That’s not to say that there is no benefit. At any one time on the list there are usually around 200 subscribers, but only 20 or 30 active posters. I’m guessing that there is little actual persuasion occurring among the active posters. However, the lurkers, the 90% who are subscribed but not actively participating, are influenced by the discussion that they are listening to. One of the chief benefits of the list that I have observed over the years has been that it’s a place where folks find out for the first time that there are people who take their faith seriously and who embrace the results of mainstream science. We have seen plenty of folks come on the list as recent “converts” from young-earth creationism to something more “progressive” and find that there are Christians who take their faith very seriously who think similarly. This often is a revelation. We on the list watch as they sort through these issues in a friendly environment, one that they don’t always find in their church or their school. We have watched some folks move from young-earth creationism to skepticism and atheism. Of course, this is disconcerting, and we hope that God will bring them back to a sincere and honest faith.
Issues of the environment and creation care also get a fair amount of time on the list. But even there, I’m not sure we’ve come very far. In 1995 and 1996 we encouraged discussion of some recently published PSCF articles that discussed environmentalism and evangelical responses to environmentalism. Virtually the same two sides exist now 15 years later with little progress having been made on coming to an evangelical consensus on those issues. This issue more than any other, probably because of the nature of our national debate, seems to bring out lots of emotion among list participants.
Overall, I think we have been successful in maintaining an on-line place for respectful discussion of controversial issues. Over the years we’ve tried to nip flame wars in the bud and promote Christian dialogue about controversial issues. We do occasionally slip into politics and social issues where the ASA represents not only divides that exist in our broader culture, but divides that exist in the church. Sometimes we can get hot-headed about those things. In many parts of the internet that hot-headedness translates into a viciousness and meanness that probably wouldn’t happen if you were talking to someone in the same room. ASA’s on-line discussion has been able to avoid that rancor for the most part.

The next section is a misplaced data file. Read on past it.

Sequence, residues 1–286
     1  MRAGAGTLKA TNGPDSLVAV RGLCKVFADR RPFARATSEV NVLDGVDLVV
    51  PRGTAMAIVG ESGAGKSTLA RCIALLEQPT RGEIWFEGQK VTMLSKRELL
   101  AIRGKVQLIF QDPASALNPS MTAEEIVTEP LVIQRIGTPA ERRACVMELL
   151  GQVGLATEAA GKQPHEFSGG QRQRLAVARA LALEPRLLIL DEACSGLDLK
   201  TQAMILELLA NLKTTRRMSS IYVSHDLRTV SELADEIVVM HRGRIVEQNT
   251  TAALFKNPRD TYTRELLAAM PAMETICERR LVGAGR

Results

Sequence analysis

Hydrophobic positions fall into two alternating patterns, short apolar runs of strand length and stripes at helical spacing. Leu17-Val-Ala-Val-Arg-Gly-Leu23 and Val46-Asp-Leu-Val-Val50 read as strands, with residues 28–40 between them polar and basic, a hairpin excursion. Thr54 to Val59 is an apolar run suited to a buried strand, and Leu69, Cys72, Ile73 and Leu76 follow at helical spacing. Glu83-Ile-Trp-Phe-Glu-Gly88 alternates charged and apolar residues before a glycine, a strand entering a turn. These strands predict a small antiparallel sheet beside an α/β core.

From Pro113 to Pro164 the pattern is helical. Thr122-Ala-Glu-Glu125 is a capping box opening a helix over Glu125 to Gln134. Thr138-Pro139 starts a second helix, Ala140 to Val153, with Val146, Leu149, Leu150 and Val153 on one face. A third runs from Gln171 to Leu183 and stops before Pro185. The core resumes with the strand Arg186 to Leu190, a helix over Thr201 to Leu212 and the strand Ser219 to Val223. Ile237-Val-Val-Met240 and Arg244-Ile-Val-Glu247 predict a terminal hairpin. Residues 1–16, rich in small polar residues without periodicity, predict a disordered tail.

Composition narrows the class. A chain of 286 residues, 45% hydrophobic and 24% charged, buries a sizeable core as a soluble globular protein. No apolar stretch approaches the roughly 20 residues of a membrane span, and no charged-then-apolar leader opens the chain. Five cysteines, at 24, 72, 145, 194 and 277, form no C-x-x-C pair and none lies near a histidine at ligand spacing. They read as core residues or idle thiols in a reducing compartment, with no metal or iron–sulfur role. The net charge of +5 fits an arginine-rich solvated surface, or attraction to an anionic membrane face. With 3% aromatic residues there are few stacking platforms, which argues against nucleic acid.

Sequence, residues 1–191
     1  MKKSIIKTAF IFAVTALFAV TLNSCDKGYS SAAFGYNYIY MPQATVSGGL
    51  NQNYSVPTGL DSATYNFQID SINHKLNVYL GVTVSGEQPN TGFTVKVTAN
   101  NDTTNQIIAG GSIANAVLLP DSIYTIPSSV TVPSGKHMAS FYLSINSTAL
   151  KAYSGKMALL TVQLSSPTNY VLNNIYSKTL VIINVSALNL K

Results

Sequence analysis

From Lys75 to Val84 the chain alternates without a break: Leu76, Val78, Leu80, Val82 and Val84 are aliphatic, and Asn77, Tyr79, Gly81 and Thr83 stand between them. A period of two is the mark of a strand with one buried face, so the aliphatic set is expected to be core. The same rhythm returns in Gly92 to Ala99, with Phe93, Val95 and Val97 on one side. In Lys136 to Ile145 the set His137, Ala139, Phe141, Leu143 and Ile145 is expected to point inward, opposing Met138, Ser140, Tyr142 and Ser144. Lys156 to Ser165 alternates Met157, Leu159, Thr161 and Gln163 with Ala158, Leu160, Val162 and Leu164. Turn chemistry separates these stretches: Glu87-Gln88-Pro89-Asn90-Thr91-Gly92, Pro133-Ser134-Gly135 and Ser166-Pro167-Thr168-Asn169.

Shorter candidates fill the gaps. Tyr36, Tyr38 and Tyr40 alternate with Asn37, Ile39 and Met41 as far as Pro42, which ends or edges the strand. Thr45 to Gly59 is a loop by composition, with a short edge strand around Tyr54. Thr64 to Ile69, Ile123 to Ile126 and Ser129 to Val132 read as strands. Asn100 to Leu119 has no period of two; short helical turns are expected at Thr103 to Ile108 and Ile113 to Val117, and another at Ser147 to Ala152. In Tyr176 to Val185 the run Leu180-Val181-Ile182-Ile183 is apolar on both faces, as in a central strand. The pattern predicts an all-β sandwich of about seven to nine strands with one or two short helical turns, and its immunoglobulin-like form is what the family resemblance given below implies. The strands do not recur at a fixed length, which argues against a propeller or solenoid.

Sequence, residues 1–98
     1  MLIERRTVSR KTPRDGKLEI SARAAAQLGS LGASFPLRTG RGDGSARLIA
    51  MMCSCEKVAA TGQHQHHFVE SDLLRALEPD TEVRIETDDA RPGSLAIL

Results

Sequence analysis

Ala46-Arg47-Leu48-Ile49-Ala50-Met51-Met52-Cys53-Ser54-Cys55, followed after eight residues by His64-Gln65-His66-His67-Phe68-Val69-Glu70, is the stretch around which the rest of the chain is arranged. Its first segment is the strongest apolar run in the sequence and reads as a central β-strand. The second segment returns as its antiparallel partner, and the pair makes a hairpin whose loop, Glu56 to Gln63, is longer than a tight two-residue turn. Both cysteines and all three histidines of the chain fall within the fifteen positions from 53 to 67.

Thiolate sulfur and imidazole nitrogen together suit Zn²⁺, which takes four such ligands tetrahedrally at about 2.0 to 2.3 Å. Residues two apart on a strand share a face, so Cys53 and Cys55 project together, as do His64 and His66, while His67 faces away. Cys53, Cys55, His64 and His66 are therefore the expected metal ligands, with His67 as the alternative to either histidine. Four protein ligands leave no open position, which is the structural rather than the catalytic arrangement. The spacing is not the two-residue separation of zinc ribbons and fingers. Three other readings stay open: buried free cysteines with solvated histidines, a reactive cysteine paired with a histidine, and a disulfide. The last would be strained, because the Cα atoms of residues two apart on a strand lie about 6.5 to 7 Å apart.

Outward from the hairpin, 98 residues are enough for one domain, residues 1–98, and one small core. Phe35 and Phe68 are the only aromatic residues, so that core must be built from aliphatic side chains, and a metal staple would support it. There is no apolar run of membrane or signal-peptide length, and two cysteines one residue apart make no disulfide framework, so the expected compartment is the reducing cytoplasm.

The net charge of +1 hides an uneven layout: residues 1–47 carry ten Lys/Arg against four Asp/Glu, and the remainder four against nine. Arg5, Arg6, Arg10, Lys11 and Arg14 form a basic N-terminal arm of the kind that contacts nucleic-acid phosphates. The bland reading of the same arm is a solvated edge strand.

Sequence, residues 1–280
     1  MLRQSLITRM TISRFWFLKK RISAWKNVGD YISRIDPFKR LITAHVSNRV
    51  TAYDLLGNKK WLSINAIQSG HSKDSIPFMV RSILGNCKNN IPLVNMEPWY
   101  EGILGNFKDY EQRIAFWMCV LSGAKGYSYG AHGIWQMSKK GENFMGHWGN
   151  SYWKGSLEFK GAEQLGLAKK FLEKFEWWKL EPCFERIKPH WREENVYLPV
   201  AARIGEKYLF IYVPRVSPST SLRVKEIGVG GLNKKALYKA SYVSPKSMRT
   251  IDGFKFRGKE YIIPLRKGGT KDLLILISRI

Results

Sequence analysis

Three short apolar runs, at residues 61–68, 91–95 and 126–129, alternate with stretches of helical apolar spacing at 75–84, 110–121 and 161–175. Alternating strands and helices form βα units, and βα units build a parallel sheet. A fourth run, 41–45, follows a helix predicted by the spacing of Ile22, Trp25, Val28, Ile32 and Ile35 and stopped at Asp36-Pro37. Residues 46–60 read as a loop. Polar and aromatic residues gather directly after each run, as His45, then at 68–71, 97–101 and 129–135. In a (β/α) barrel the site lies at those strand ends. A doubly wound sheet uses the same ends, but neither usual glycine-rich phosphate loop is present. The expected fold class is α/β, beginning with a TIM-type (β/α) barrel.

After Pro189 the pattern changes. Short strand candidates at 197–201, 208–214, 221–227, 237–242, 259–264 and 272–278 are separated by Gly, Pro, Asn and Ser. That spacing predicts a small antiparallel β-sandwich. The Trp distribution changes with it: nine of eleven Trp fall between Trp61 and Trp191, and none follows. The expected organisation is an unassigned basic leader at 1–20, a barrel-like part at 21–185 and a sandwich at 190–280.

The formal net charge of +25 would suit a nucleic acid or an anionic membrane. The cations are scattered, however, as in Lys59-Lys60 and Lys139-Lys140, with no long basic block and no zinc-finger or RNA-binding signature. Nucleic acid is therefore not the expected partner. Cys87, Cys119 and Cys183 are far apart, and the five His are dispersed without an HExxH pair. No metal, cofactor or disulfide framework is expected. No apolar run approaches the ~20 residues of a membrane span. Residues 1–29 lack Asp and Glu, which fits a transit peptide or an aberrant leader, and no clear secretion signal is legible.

For about 15 years now we have had our discussions via email. Every once in a while there have been calls to adopt a more “modern” internet technology than email (the grandaddy of them all). The last time an informal poll was conducted, now over two years ago, more than half desired to move to some other format, such as a web-based forum or blog. After over a year of discussion, planning, trying things out, etc., we’re going to take the plunge. We hope that this blog, ASA Voices, will replace the ASA email list. We’re going to try it for a while and leave the list turned off. We’re also introducing two other blogs, one devoted to discussion of PSCF articles, perhaps with the authors themselves, and one devoted to review and discussion of faith-science related books.
So please join in the conversation via blog comments. We will try to direct the discussion more actively in ASA Voices, but there will always be a thread that will feel like a little like the old list.